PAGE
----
Don’t Romanticise Child Abuse
Jeremy Forrest, a married maths teacher from Eastbourne, was convicted on charges of abduction and and sexual activity with a child last week. Forrest, now 31, had been having an affair with a 15 year old schoolgirl under his care, which culminated in an international manhunt when the pair went on the run to France last autumn, after suspicions about the affair were raised.
Now that Forrest has stood trial a media frenzy has erupted. Many stories denounce Forrest as an abuser and a paedophile, while others have sensationalised the events into a kind of ‘doomed star-crossed lovers’ narrative, reporting on Forrest’s future plans to marry the girl, who intends to wait on the sidelines while he serves his sentence.
However, the NSPCC has warned against romanticising this case of child abuse (The Guardian, 24th June 2013). The bottom line is that Forrest – who was in a position of responsibility and expected to be working under a strict code of ethics – groomed a young and vulnerable girl, towards whom he had a duty of care as her teacher. The Guardian reported that Judge Michael Lawson QC, who sentenced Forrest, said the teacher chose to “ignore the cardinal rule of teaching” in not even trying to maintain appropriate boundaries between himself and his pupil. There was a distinct power imbalance in the relationship, with Forrest being in a position of trust and Megan having been highlighted as a psychologically vulnerable child coming from a difficult background. All this equates to abuse.
Grooming refers to the process of psychologically manipulating an other, in order to gain their trust and thus lower inhibitions to pave the way for exploitation, often – but not solely – of a sexual nature. It is a term we usually hear in reference to child abuse, especially online. But adults can also find themselves to be victims of grooming and psychological manipulation in romantic relationships.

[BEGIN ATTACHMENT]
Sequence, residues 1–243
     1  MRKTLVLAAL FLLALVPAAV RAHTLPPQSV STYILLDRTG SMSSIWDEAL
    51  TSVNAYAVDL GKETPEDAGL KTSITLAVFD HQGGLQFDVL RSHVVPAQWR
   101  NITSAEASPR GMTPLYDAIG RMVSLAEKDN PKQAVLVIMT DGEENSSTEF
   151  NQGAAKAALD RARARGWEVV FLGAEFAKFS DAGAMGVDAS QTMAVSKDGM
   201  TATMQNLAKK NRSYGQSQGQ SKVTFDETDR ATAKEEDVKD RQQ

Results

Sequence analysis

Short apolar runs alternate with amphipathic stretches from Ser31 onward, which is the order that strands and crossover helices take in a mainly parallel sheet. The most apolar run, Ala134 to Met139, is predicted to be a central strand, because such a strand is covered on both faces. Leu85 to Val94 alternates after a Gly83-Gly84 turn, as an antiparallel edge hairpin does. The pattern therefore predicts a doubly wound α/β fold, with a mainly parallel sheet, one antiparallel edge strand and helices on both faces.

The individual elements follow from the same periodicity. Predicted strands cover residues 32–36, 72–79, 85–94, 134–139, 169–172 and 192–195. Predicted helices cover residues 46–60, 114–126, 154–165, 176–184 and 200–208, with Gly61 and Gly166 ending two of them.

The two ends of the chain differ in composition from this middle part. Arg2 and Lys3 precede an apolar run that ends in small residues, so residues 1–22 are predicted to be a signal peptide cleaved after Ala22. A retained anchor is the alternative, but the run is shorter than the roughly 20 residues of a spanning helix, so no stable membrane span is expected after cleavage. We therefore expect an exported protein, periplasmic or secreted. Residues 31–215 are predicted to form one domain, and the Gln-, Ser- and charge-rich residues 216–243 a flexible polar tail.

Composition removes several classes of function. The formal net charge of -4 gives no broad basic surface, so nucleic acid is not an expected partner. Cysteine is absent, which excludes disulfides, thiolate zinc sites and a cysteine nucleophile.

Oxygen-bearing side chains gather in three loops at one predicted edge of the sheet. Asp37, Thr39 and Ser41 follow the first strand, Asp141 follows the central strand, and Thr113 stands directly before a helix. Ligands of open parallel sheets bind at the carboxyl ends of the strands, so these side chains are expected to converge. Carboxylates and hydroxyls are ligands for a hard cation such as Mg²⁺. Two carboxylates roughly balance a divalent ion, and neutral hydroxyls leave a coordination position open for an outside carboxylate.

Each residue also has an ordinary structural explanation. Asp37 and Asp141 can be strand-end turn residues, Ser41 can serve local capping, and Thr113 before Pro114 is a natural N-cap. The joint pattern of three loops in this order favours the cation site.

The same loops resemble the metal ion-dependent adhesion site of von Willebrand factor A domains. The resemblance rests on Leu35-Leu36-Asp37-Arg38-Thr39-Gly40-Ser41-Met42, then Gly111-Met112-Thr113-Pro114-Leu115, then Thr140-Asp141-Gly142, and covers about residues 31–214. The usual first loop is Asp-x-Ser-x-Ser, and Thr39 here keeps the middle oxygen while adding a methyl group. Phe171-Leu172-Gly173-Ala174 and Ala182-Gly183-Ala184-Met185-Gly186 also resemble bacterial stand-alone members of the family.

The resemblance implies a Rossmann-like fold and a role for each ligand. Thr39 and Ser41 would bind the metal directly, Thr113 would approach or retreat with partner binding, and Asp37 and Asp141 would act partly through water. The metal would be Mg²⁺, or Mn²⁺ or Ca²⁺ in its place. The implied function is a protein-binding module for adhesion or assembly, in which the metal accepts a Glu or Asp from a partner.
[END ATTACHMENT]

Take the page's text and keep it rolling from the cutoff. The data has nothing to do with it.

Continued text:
As sad as it sounds, many relationships that are formed in this way are those that start out appearing ‘too good to be true’. An abuser may shower their partner with gifts, praise and affection in the early days of a relationship – also known as love-bombing – thus winning over their target and paving the way for later abuse. Psychological manipulation can slide into the relationship without it even being noticed, until it becomes severe or maybe erupts into physical abuse, by which time the victim is often very deeply entwined and dependent on their abusive partner – again, one of the original intents of the grooming process.
Relationships based on manipulation and psychological abuse are often revered as Romeo and Juliet-esque ‘it’s complicated’ type relationships, which only those involved can understand. There may be a romanticised ‘us against the world’ and ‘love conquers all’ quality to the partnership, keeping you deeply entangled in something from which it becomes more and more difficult to escape.
With so much talk of both historic and current cases of grooming, paedophilia and child abuse in the media at the moment people who relate to these stories may find themselves affected. Perhaps something from the past has been triggered for you, and you need a space in which to explore how you are feeling and to tell your story? Or maybe recent events resonate for you in the here-and-now? At The Grove we understand that past experiences can continue to haunt us, and that traumatic events that occurred in childhood often need to be talked through as an adult in order to make some sense of what happened and allow us to begin to move on. We are also experienced in working with relationship issues through both individual and couples’ counselling, and understand how difficult it can be to come to terms with the realisation that a relationship is not what you thought it was, or hoped it would be. We will provide a space for you to reflect on what is going on and to think through your options, so let’s talk first and gain some understanding of what is happening, so we can decide how to move forward together.